Posts tagged exploration

Posted 1 year ago

An Ocean of Stars - for those of us driven to explore space, the Earth’s ocean should seem a close cousin. In fact, so many aspects of ocean exploration are similar to the challenges of space, that some people have suggested our own oceans are the true final frontier. There are certainly still more accessible than the reaches of outer space, and even a modestly deep scuba dive can give you a vivid impression of what it may feel like to float in the blackness of space.

Want a fallback plan for when that final environmental catastrophe occurs? Underwater or floating habitats may offer fewer challenges than space colonies if you’re looking to quickly build a self-sustaining place to live when things cool down, warm up, dry out, or otherwise return to fitness for human habitation.

If you’re just looking for wide open spaces, the vastness of space may ultimately prove your final frontier, but Söhnlein has a very human take on the question: “For myself,” he says, “I’d probably go with the oceans. Humanity has millennia to explore the cosmos. But I have only decades or—depending on who you believe—centuries. And there’s plenty to discover down there to fill my lifetime.”

Posted 1 year ago

Living Ice - a great time lapse video of an icebreaker traveling the Antarctic waters. What really captured me was just how many different faces the ice can have, both in appearance and quality. Even today, there are still many corners of our own planet where the heart of an explorer can find some solace …

The Nathaniel B. Palmer is an icebreaker operated by the US National Science Foundation. Cassandra Brooks, one of the 37 scientists the ship can accommodate for missions of up to 75 days and deep in the Antarctic winter, shot this timelapse video of the ship doing its stuff over a two month period while traveling through the Ross Sea.

The video is the latest in a series of posts in which Brooks blogs about her experiences studying marine protection in the Antarctic at National Geographic. 

Posted 1 year ago

Polar Shield - this image which looks straight out of a scifi scenario is actually an engineering project to address the increasing loss of polar ice due to global climate change. The arctic skyscraper project combines novel power generation with desalination to protect and restore the polar ice caps, all while housing research teams and eco tourism to further raise visibility of the issue.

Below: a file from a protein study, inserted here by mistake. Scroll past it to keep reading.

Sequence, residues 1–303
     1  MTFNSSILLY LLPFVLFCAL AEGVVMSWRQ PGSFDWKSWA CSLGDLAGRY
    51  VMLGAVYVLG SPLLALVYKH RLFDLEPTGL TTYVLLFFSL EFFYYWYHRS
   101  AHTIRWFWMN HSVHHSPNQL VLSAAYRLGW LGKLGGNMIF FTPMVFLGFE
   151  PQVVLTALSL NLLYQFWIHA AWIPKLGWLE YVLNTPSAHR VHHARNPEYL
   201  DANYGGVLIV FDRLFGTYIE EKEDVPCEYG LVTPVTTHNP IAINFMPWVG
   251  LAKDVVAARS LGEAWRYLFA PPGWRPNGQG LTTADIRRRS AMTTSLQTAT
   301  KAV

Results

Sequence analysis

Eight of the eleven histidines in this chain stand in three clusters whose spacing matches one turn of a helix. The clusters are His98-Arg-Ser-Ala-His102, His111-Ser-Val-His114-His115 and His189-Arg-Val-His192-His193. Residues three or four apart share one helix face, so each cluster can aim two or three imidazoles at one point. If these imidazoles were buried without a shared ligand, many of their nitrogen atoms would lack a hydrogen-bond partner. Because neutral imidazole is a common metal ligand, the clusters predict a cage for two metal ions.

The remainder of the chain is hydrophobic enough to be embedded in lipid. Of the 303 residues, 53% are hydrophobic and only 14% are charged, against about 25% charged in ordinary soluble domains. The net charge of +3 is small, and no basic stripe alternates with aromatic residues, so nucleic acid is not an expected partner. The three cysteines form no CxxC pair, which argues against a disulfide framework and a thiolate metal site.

Through its desalinization and power facilities, this arctic skyscraper becomes a floating metropolis equipped with […] research laboratories, renewable power stations, dormitory-style housing units, eco-tourist attractions, and ecological habitats for wildlife.

Salt water is used to produce a renewable source of energy through an osmotic (salinity gradient power) power facility housed within the building’s core. In addition, the structure’s immense canopy allows for the reduction of heat gain on the arctic surface while harvesting solar energy.

There are additional images and schematics in the original article.

Posted 1 year ago

Ice World - this gorgeous photo of turquoises ice is the surface of lake Baikal, located in the southeast Siberia. The combination of low angle sunlight and glass like shards of ice makes for a stunningly beautiful place on Earth (if not the most hospitable). There are many more images on the original site.

Lake Baikal, located in the southern part of eastern Siberia in Russia, is an incredible natural wonder of the world that one can only hope to visit at least once in their lifetime. It’s not just the oldest freshwater lake on Earth, at 20 to 25 million years old, it’s also one of the largest and deepest, holding an astounding one-fifth of the world’s freshwater.

In the winter, for about five months or from January to May, the lake freezes over but the water is so clear that, from the surface, you can see an astounding 130 feet below you. A photographic worthy natural phenomenon occurs around a very specific time of year, March. Wind, temperature differences, frost and sun in the ice crust cause cracks and ice hummocks to form. Transparent and shining in a turquoise color, these masses of broken ice look like shards of glass rising into the sky.

Posted 1 year ago

Exploring Earth - This amazing Antarctic research station is a glimpse into what an off-planet permanent base could be like. Modular, mobile, and capable of supporting human life in a very harsh environment, it still doesn’t lack for style or creature comforts!

The new facility was funded by the Natural Environment Research Council (NERC) and Department of Business Innovation and Skills. It replaces the 20-year-old Halley V. Construction teams worked around the clock over four 9-week Antarctic summers to build the Halley VI.